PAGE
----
This educational collaboration between Washington University's Tyson Research Center and the Missouri Botanical Garden's Shaw Nature Reserve is designed to engage St. Louis area high school students in scientifically-based exploration of the natural world. Linked programs of field training (SIFT) and field research (TERF) provide teenagers with experiences that realistically reflect research in environmental biology. Participating teens learn a variety of field investigation skills and then have the opportunity to put those new skills to work assisting career scientists with real research projects.

Sunday, October 11, 2015

TERFers present at WUSTL Fall Undergraduate Research Symposium

All the hard work on scientific posters has paid off!

The TERFers presented the results of their summer research on Saturday, October 10 at the Washington University Fall Undergraduate Research Symposium.


Elizabeth Poor, Clayton High School '17, Novel functional traits aid the success of the invasive biennial Carduus nutans

Aspen Workman, Kirkwood High School '17, Competitive release may increase the fitness of exotic plants in their novel range
Bailee Warsing, Granite City High School '16, Urban box turtles have a higher prevalence of physical lesions than rural box turtles
Claire Kosola, Lafayette High School '16, The abundance of two box turtle food types, ground vegetation and earthworms, are similar in urban and rural sites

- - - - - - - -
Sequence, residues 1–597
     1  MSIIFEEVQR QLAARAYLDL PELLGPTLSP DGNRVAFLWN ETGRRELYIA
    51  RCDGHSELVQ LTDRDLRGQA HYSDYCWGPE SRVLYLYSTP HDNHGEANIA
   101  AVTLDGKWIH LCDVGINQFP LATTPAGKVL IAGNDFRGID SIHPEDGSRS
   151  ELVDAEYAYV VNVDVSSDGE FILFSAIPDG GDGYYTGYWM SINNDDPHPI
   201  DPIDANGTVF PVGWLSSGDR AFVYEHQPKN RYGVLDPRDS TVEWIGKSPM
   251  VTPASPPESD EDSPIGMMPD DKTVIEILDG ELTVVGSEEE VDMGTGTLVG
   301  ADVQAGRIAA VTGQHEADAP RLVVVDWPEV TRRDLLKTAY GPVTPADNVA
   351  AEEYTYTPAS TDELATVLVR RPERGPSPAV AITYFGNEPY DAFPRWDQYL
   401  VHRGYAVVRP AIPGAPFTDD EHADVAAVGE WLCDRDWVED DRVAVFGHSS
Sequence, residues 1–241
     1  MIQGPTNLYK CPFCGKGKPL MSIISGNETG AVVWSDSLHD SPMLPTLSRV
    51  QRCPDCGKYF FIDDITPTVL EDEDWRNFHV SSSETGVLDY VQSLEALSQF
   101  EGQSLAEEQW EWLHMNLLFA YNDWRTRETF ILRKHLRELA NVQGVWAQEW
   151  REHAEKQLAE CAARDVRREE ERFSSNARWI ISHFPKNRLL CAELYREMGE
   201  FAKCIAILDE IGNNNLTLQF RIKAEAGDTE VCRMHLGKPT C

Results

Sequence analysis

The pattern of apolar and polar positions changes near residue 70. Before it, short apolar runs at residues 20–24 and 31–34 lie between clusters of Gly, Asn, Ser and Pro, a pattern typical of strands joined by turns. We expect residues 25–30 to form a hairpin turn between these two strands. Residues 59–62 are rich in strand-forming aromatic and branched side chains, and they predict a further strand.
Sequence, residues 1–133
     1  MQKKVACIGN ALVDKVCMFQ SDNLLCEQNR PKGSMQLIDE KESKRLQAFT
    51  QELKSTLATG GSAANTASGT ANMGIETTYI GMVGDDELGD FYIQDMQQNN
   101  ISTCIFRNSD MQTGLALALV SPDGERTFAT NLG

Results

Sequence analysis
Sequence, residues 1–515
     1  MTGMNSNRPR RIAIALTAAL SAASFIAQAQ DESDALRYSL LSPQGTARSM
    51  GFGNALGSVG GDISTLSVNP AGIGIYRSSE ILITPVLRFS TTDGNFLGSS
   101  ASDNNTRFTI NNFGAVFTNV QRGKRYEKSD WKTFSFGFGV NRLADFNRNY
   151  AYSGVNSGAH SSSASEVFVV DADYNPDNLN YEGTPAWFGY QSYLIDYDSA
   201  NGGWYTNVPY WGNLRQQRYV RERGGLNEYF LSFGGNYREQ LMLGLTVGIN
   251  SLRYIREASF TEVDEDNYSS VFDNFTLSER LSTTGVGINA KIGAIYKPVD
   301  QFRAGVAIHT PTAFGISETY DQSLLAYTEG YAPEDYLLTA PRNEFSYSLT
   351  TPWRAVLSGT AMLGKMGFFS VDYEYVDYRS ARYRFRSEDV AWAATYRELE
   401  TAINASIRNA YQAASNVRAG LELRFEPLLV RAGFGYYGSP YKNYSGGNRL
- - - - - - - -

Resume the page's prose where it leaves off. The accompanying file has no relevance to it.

Jenita Larry, Hazelwood West High School '16, The importance of soil microbes for functional traits of Ratibida pinnata and Echinacea purpurea (Asteraceae)
Jolena Pang, Clayton High School '16, Interactive effects of resource level and invasion on mosquito abundance
Katie Buatois, Eureka High School '16, Comparison of urban and rural box turtles shows no difference in Body Condition Index
Lexie Beckermann, Eureka High School '17, Interactive effects of resource level and invasion on mosquito abundance
Liz Rand, Parkway North High School '17, Ambient temperature differences during the hottest month does not affect daily linear displacement in box turtles

It was wonderful to have some familiar faces come out in support of the TERFers and Tyson undergraduate fellows presenting summer research!

Dr. Jonathan Myers and Adam Vorel (SIFT & TERF alumnus!)
Tyson undergraduate fellows (left to right) Thomas Van Horn (SIFT & TERF alumnus!), Ted Little, Molly Kuhs, and Diana Jerome
Tyson undergrad fellow (and SIFT & TERF alumna!) Brenda Alvarado presented research on the effects of exotic plant species on pollination.
Two-time Tyson undergrad fellow Bri Tiffany presented research from the St. Louis Box Turtle Project.
Tyson undergrad fellows Evan Alger-Meyer and Diane Jerome presented research from the Tyson Forest Plot.
Tyson undergrad fellow Molly Kuhs presented results of collaborative research between the Knight and Mangan Labs.